Common Staff Writer
With the snow and heavy rains earlier this week and a clogged downspout on the roof of the Scioto County Courthouse, the offices 4th District Court of Appeals Judge Matt McFarland’s were flooded.
As a result McFarland and his staff have set up a temporary office in the Courthouse Annex.
Also earlier this week McFarland turned to the commissioners for answers to this reoccurring problem. As a result the county brought in Mike Asabrook, a building inspector on Friday to look at the issue and make recommendations on how best to resolve the issue.
McFarland said he is pleased with the progress the county is making to address the problem but, it will still be a while before he can or will move back into the courthouse.
“(Commissioner) Doug Coleman and I met with Asabrook on Friday and went through my office, went to the roof and went through the jail. I’m very encouraged that they did that. I was not sure it was going to happen,” McFarland said. “It’s still a wait and see situation on the roof, I’m hopeful the drains are not going to be a problem anymore.”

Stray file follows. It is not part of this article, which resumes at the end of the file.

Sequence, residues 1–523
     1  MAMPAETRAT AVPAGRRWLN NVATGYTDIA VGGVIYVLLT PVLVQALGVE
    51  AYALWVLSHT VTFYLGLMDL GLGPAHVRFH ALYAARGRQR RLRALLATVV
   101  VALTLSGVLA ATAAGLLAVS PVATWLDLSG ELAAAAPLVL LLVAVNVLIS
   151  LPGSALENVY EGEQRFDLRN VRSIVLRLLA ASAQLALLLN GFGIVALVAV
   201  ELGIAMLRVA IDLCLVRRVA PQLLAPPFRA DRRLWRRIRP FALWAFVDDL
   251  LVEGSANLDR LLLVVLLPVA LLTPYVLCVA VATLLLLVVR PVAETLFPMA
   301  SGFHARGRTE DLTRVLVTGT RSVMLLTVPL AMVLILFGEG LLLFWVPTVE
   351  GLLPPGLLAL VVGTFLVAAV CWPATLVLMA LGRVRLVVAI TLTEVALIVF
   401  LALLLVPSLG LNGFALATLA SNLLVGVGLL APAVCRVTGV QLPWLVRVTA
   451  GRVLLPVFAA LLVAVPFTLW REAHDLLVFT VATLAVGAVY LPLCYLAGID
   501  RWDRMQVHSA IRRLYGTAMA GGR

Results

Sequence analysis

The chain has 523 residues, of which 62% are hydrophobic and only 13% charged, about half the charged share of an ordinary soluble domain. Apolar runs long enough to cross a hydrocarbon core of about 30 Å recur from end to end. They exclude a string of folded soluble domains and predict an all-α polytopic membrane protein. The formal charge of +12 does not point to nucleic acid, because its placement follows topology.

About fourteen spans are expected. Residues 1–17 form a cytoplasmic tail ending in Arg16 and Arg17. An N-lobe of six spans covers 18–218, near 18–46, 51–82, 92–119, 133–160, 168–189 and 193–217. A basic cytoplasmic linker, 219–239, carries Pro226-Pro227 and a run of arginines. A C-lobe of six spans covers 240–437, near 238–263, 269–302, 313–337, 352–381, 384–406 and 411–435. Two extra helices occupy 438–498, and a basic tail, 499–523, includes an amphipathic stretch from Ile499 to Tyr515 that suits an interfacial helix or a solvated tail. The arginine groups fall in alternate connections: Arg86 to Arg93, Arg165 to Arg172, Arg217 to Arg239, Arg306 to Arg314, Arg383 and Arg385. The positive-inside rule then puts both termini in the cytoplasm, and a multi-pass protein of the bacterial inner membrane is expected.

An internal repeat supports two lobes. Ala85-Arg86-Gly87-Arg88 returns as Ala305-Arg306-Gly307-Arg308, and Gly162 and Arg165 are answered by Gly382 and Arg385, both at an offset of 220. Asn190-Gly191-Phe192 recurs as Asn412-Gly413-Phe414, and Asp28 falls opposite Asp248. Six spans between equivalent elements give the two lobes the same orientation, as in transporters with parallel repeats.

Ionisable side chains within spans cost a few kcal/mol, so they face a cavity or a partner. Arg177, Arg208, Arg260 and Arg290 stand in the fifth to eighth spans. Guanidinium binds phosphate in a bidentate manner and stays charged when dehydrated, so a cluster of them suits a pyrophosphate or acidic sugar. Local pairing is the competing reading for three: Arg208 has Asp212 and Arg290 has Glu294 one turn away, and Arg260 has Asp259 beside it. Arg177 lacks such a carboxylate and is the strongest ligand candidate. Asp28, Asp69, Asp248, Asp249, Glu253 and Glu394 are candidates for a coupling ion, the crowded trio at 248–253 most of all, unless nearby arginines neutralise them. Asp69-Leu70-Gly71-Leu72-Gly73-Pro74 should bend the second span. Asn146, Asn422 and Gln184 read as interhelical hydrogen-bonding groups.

Coleman said Asabrook is expected to issue an official report on his findings early this week.
“He (Asabrook) said everything looks good. He suggested we do a few things such as, flushing the drains on the roof,” Coleman said. “He said there was no problem in the concrete and steel work on the roof.”
Coleman said Asabrook indicated there was no structural issues with the building and they may have a company come in next week to flush the drains.
When McFarland addressed the commissioners at their Tuesday meeting he stated that he did not know when he would feel comfortable moving back into the courthouse.
“As far as the remediation in my office is still ongoing. The smell is really bad, there is still a lot of moisture in the walls,” McFarland said. “It looks like there is going to have to been a lot of sheet rock removed, (from his office) then it needs to be checked for issues with air quality and for mold.”
As far as recouping some of the losses of equipment and furniture damaged in the flood, McFarland said that will be turned into an insurance claim.
McFarland said it’s also a wait and see situation as to if he will keep the court in Scioto County.
“The commissioners want to make this situation right, as far as keeping me here. I think they got the point,” McFarland said. “I think they realize it’s financially beneficial for me to be here for them. I would like to stay here (Scioto County) if possible but, I do not want to have to go through this again.”
Wayne Allen may be reached at 740-353-1151, or email@example.com. For breaking news, follow Wayne on Twitter @WayneallenPDT.